I wonder—I am nagged by the doubt—has the disheartening failure of the conservative movement on the domestic front, dating from the second Reagan administration, been anywhere sufficiently acknowledged or analyzed by our great conservative institutions of scholarly learning? Has sodomy become the groovy kinkiness in our society? Is prayer ever to be restored to our schools? Are the unborn in America never to be safeguarded? And our infirm or derelict elderly—are they now to be at the mercy of the avariciousness of their heirs or the parsimony of the state? Will ever an amendment to the Constitution win through defining the Republic now and forever as Christian bred and born and deliberately affirmed at the founding, putting the quietus to secularists, who seek to desacralize society as well as life?
Recall heroic General Armistead pinning his hat on the tip of his sword and—thrusting the blade high, yelling to his brave men to follow—charging through the Union line on Cemetery Ridge, at once to fall mortally wounded. That’s been called the high-water mark of the Confederacy. Did the high-water mark of the 20th-century conservative movement of the United States take place back in December 1995/January 1996 when—in what might as well have been a railroad car’s tobacco-sodden men’s room, among the cuspidors—squat, puffy Newt Gingrich stonewalled smooth, sleazy Bill Clinton?
Judging from the political deportment of the Republican Congresses and the White House in domestic matters since that time, has anyone had the audacity, courage, and honesty to tell the bald truth—which is that the Republican Party has failed the cause to which my brother Bill and so many other brilliant souls—Frank Meyer, Jim Burnham, John Chamberlain, to mention just a few—gave unstintingly of their lives? Is any establishment conservative organ today declaring unequivocally that conservatives who have any respect at all for the political philosophy they profess must forswear the Republican Party and on many major issues break ranks with government-trusting (and agnostic) neocons? Or is that fresh young mind this minute deciding that whatever the right wing says about anything is tired polemics from which candor and the imagination have long since leaked out?’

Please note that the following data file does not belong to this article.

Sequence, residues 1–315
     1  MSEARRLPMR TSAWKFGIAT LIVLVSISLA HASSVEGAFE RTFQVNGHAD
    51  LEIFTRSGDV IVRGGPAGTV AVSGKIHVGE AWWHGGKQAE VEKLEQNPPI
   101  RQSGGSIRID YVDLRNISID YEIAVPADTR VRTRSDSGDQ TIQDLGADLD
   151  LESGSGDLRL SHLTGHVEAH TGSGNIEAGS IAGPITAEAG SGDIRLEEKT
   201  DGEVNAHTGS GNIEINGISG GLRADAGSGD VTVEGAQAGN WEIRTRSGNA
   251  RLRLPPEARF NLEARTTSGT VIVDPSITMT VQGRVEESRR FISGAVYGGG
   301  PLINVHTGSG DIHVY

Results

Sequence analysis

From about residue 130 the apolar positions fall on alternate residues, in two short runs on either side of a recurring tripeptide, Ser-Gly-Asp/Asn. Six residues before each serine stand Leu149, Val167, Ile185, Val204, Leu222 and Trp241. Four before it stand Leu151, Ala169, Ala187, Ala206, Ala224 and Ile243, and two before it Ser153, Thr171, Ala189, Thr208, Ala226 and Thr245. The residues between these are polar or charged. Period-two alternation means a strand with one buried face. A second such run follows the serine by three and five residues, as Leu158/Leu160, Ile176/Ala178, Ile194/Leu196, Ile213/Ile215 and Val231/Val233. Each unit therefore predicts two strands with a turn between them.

When I ponder the future of American culture, I wonder, first, whether in the future there will ever again be respect for truth in this Republic or whether we conservatives, like the vainglorious Greeks 2,500 years ago, are so tainted intellectually and corrupted philosophically that we have lost the capacity for critical thinking about ourselves, relying on euphemisms in place of truth.
On the political level, then, what will be the future of American civilization as far as we conservatives are concerned? Why, of knaves and charlatans on both sides of the aisle driving the Republic headlong into a metastatic colossus of a state in which the citizen has been reduced to a hapless serf; in which blunt, honest language has been euphemized out of existence; and in which a bland and servile acceptance of the inevitability of Big Brother is the received wisdom.
Where are our Friedrich Hayeks of The Road to Serfdom, our Eric Voegelins of The New Science of Politics, our Russell Kirks of The Conservative Mind? Where is our philosopher? Meantime, on the practical front, what can conservatives do? The very first thing is to dissociate from the Republican Party, which has become an albatross around the neck of integrity.